Biden Clinches

Some other places that count delegates had him there a day or two earlier, but by our count, the Virgin Islands put Biden over the top with Biden getting all 7 delegates there in today's update to the Election Graphs delegate race charts.

Sorry New York, New Jersey, Georgia, Connecticut, Kentucky, Louisiana, Puerto Rico, West Virginia, Delaware, and Guam…  your 780 delegates don't make any difference this year.

This seems like a good time to look at how the graph of "% of remaining delegates needed to win" ended up, and compare it to some of the previous cycles. So here goes:

The little loop in the graph there is from when New York gave all their delegates to Biden, but then there was a court battle and the delegates went back to TBD pending the New York primaries which now won't be until June 23rd.

Biden clinched with almost exactly 80% of the delegates determined.

Of the five contested races in both parties since 2008 when I started tracking these, three took longer than this (in terms of % of delegates, not calendar date) and two took less.

Looking at the charts, first the three that took longer to clinch:

Obama in 2008:

Trump in 2016:

Clinton in 2016:

Then the two that clinched faster:

Romney in 2012:

McCain in 2008:

And of course, lacking any competitive challengers, Obama in 2012 and Trump in 2020 both clinched at the 50% mark.

Our count of the totals on the day Biden clinched are as follows:

This will of course continue to change as those last 780 delegates get determined. And there may even still be some shifts in the 3199 already allocated as delegate selection plans wrap up before the convention.

As a simple example of this, when the initial count was over back in February, the delegate count in Iowa was:

  • Buttigieg 14
  • Sanders 12
  • Warren 8
  • Biden 6
  • Klobuchar 1

But when candidates dropped out and were no longer vying for delegates in the later parts of the delegate selection process, statewide delegates from the candidates who dropped out were reassigned to Biden. As of today, Iowa looks like this:

  • Biden 14
  • Sanders 12
  • Buttigieg 9
  • Warren 5
  • Klobuchar 1

So after all this, Biden wins Iowa after all.

And of course, since they can't make a difference to the outcome, the superdelegates will get to vote on the first ballot too. So any full delegate count coming from the convention (virtual or otherwise) will be a bit different than what we have here, which just counted pledged delegates.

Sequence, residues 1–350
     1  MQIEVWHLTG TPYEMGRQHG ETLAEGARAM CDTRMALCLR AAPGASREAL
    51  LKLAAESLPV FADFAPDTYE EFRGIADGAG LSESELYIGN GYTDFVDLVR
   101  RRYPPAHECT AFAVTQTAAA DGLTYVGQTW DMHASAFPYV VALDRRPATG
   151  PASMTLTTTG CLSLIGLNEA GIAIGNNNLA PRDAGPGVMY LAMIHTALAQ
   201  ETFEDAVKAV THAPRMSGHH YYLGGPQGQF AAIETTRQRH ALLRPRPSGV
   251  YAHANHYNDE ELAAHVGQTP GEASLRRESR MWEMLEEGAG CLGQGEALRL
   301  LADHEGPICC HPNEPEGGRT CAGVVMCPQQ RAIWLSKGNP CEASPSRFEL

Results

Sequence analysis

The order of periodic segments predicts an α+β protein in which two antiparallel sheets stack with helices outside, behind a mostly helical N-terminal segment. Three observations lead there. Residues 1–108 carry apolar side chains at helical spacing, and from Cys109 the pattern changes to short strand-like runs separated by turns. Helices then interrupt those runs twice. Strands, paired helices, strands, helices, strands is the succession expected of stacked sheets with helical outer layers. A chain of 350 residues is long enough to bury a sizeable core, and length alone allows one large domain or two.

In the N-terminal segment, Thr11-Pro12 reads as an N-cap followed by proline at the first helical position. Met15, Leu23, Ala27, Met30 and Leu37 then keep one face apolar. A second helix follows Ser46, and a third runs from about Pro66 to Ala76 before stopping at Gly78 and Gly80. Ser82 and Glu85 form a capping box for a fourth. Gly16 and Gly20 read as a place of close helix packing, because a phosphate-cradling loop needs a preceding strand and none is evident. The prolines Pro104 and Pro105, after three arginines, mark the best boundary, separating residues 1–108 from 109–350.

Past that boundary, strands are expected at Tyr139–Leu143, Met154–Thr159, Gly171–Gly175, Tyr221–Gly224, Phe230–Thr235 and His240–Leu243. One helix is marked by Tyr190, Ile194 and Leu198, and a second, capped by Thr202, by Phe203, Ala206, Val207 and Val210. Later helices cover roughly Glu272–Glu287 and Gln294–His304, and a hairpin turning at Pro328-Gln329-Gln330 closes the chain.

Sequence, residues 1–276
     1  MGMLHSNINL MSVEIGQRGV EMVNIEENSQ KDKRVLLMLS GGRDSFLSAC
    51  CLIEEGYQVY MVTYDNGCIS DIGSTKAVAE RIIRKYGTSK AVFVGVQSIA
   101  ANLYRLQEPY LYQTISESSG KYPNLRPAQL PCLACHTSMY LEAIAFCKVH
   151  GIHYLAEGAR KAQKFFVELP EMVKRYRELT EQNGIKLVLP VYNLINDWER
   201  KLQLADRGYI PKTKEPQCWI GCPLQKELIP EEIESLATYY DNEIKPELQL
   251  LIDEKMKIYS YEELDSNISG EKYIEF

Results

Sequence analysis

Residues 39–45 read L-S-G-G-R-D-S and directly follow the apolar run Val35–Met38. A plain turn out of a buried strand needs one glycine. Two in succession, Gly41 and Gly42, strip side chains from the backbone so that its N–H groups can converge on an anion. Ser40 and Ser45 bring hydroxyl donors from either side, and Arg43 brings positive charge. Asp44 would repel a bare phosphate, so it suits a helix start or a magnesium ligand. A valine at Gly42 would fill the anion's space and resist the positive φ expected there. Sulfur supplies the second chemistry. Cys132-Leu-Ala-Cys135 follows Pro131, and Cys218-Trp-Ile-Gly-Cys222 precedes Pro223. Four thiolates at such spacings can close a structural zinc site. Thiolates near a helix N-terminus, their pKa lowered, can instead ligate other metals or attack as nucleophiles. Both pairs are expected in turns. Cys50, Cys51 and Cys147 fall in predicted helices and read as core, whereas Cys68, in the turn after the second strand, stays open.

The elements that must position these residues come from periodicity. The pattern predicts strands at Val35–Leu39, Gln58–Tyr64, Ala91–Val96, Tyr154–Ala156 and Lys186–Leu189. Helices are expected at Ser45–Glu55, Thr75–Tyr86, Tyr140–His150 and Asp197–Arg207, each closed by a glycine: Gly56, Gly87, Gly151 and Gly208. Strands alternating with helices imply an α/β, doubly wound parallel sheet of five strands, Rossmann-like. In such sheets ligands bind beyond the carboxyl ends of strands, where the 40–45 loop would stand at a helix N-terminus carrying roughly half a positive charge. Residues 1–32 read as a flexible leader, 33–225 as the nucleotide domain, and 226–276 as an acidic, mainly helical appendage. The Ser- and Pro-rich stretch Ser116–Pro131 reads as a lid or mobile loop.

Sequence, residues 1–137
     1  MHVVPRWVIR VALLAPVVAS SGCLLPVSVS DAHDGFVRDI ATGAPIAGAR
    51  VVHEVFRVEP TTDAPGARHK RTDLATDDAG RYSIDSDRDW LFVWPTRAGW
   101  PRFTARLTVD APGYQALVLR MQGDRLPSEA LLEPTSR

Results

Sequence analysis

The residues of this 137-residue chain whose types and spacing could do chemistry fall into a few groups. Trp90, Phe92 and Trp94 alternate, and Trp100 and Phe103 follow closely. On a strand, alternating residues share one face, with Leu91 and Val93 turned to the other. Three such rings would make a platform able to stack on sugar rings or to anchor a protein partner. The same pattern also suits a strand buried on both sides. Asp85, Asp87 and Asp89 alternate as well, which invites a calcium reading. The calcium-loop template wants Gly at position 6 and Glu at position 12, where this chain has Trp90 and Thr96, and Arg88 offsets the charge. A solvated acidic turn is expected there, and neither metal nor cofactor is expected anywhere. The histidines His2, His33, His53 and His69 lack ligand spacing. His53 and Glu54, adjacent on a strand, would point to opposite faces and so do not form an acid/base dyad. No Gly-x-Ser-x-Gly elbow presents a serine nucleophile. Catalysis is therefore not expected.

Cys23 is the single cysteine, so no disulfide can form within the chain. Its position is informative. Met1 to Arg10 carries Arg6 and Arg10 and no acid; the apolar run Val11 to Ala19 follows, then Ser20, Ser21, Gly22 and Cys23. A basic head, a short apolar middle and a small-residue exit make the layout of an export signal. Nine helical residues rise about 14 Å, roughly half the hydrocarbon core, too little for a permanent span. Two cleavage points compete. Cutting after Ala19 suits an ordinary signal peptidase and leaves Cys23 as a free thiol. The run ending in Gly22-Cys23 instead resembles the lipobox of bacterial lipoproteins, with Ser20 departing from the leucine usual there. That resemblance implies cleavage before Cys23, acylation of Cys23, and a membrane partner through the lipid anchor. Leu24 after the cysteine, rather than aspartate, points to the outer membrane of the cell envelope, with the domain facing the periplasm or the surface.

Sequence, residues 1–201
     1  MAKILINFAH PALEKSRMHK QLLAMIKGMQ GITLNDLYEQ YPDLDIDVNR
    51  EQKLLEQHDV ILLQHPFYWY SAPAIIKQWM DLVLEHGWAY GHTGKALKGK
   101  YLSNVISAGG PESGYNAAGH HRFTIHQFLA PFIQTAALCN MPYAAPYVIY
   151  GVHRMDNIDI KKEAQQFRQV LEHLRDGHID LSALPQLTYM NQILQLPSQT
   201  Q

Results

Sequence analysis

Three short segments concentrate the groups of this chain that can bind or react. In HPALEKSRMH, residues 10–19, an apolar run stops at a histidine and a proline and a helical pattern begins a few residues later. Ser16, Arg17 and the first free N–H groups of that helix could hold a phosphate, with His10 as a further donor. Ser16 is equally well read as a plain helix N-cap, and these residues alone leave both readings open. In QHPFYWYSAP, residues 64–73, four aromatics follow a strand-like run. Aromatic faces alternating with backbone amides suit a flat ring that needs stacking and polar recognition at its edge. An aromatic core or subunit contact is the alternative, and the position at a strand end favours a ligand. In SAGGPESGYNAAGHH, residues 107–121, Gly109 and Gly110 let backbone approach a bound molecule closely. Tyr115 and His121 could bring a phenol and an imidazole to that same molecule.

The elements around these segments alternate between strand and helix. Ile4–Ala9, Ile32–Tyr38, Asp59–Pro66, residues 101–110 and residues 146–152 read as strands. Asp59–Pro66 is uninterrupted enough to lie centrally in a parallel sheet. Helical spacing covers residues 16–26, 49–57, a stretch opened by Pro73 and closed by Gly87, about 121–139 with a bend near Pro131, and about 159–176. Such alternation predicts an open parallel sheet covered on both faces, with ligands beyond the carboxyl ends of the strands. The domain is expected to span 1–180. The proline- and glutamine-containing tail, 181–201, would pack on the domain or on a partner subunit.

As more updates come in, we'll add them as updates to the end of this post.

We declared things "almost done" on March 11th, and "over" on March 18th, but now we are really "done done" absent something catastrophic that causes Biden to leave the race prematurely.

So there we are.

71.0 days until the Democratic National Convention.

78.0 days until the Republican National Convention.

Update 2020-06-08 04:16 UTC: Results from Guam today: Biden 5, Sanders 2. Also an update from PA: One delegate moves from Sanders to Biden. New totals: Biden 1997, Sanders 1063, Others 146.

Update 2020-06-09 04:16 UTC: Update from Arkansas: Bloomberg loses two delegates to Biden. New totals: Biden 1999, Sanders 1063, Others 144.

Update 2020-06-10 04:01 UTC: Today we have the results from Georgia and West Virginia. It looks like Biden will get all 133 delegates. New totals: Biden 2132, Sanders 1063, Others 144.

Update 2020-06-11 15:51 UTC: Not a delegate update, but a quick correction. Above I said, "And of course, since they can't make a difference to the outcome, the superdelegates will get to vote on the first ballot too.". This is slightly premature. For the superdelegates to vote on the first ballot, Biden has to have enough pledged delegates to have a majority of ALL delegates, which would be 2378 pledged delegates out of 4753 total delegates (rather than 1991 pledged delegates out of 3979 pledged delegates). So he is still 246 delegates short of that threshold, although he will probably get there before the end. For more details on this, see this FHQ post.

Update 2020-06-24 07:08 UTC: Today we have initial results from Kentucky and New York. Biden 250, Sanders 57. There are 21 delegates TBD in Kentucky which may end up officially uncommitted. New totals: Biden 2382, Sanders 1120, Others 144.

Update 2020-06-25 05:28 UTC: Today we have updates from Kentucky and New York. Biden gains 4 delegates, Sanders loses 3. New totals: Biden 2386, Sanders 1117, Others 144.

Update 2020-06-26 16:21 UTC: Today we have another update from Kentucky. Biden gains 8 more delegates, Sanders gains 2. Looks like 10 delegates will be officially uncommitted.  New totals: Biden 2394, Sanders 1119, Others 144.

Update 2020-06-27 16:45 UTC: Today we have an update from New York. Biden loses one delegate to Sanders. New Totals: Biden 2393, Sanders 1120, Others 144, TBD 322.